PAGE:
It was in 2004 when I was introduced to the Reusable Learning Object methodology. Our training manager was awesome — he was business savvy, empowered us to do what we needed to do, BUT he didn’t have a learning development background.
One day, he confidently instructed us that we now must design our training using the Reusable Learning Object approach. He gave a few more words of explanation and then let us ‘sort out the details’. My lasting memory of that time was one of our Senior Instructional Designers (whose courses were some of the best I’ve ever taught) scoffing at this approach, explaining how it just wasn’t possible, and neither practical… Needless to say, we never did it.
Fast forward to the present day: all the training myself and my team now develop is based on our Reusable Learning Object Methodology — or RLO — and yes, I truly believe that my old training manager was right!
What is a Reusable Learning Object (RLO) methodology?
A Reusable Learning Object is a digital self-contained and reusable entity:
- an RLO is a small unit of learning typically ranging from 1 to 15 minutes — so for example, it can be a video, animation or a quiz;
- an RLO is self-contained — so it does not reference other RLOs directly, allowing each RLO to be taken independently, or collated with others, which can then easily be re-ordered, thus providing great flexibility;
- an RLO is reusable — so a single RLO might be used as part of training but also a Change Management campaign, or a single RLO might be used for the end of every course, thus providing consistency;
- an RLO can be easily aggregated — so more RLOs can be grouped into larger collections of content, to create the traditional course structures we are used to;
- an RLO is usually tagged with metadata — so each RLO has descriptive information allowing us to easily find content, and can then also be used to measure effectiveness.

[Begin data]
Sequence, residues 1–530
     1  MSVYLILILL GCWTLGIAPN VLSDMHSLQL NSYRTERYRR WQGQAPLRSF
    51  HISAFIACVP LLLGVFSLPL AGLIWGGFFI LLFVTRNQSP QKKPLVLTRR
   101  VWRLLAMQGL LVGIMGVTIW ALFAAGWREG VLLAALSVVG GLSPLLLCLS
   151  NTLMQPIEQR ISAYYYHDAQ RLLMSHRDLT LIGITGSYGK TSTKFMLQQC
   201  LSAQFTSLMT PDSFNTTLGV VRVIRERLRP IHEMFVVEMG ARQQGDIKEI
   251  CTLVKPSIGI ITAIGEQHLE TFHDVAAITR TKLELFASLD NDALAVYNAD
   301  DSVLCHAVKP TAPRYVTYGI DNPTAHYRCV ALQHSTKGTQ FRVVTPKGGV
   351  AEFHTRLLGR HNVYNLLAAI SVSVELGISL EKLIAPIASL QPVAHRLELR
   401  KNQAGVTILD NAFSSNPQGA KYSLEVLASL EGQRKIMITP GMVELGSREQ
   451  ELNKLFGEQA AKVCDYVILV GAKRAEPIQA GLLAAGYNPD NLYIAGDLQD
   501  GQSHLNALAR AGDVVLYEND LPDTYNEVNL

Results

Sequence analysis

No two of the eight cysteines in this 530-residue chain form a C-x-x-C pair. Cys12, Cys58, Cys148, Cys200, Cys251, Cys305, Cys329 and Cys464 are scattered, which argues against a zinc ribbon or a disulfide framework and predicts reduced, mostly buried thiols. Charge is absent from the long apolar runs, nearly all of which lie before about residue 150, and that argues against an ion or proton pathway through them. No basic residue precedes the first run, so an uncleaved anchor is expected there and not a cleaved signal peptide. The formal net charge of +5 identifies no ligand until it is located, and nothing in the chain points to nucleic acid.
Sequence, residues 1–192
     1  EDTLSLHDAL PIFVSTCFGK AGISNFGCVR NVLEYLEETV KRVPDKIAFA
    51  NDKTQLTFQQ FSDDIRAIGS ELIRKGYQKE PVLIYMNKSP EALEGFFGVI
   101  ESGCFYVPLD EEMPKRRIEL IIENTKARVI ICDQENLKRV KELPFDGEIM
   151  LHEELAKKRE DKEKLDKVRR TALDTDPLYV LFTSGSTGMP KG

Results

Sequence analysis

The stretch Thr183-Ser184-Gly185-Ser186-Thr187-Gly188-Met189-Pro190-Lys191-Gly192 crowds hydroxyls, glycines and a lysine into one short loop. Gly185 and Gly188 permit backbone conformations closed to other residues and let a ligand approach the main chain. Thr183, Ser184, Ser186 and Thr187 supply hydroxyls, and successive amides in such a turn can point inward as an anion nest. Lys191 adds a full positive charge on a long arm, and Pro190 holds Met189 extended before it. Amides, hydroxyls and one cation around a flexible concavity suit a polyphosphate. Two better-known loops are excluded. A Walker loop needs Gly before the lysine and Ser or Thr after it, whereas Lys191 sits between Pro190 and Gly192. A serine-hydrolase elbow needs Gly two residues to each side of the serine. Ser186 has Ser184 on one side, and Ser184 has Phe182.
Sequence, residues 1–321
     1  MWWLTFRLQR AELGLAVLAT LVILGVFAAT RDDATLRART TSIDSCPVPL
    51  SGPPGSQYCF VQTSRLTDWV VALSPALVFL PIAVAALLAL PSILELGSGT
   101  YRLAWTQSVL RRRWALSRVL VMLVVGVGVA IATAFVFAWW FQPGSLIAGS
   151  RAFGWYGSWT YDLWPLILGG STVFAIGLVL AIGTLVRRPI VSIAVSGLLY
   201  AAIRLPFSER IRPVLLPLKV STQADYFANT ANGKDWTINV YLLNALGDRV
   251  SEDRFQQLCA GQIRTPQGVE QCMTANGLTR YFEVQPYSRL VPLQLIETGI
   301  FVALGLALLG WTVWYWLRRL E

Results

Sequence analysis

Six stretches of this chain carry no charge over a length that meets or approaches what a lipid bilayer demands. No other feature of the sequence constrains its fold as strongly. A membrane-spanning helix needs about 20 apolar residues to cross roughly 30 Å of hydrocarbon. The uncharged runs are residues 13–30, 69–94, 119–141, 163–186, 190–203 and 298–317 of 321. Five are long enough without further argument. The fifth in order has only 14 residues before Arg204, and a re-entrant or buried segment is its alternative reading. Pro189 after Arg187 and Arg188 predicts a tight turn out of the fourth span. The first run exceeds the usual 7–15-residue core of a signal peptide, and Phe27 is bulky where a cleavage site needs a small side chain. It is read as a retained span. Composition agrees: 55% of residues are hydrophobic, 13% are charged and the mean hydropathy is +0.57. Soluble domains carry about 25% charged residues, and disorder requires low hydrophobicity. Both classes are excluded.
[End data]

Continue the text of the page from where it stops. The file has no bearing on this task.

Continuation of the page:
How can RLOs be used in a learning strategy?
Well, multiple RLOs can be combined together using various tools, to create an effective learning course. The outcome learning course is often managed through a learning management system (LMS).
Depending on how the management of the learning content is evolving, the RLO methodology becomes more and more applicable, serving up bite-sized learning chunks.
Why use the RLO methodology?
There are many advantages to using reusable learning objects when developing your effective training program. For example:
- the development time is less than that for traditional courses;
- the content can be approved at an RLO level rather than at a course level, so there is less dependency on those time-poor Subject Matter Experts;
- the content can be used regardless of the style of the instruction (self-paced, instructor-led, or blended), so RLOs can be used when creating an online course and can also be easily used to produce a face-to-face instructor-led course;
- instructional designers can easily make amendments to content at just the RLO level, making version control easier;
- … and a whole host more.
Where did the RLO concept come from?
What we did do though is evolve our RLO Methodology based on our own experience, and continue to improve how we implement it.
Whether my old training manager read this White Paper or knew it existed, I will never know — but he was the first manager who had the conviction to tell us his opinions, point us in a direction while allowing us the freedom to still follow our own path.
Graham Hall has a ton of L&D experience under his belt, having helped numerous small and large businesses to implement successful training solutions over the years. Graham is a passionate advocate of the Reusable Learning Object methodology, which he applies for every client of his company, Learning Specialists.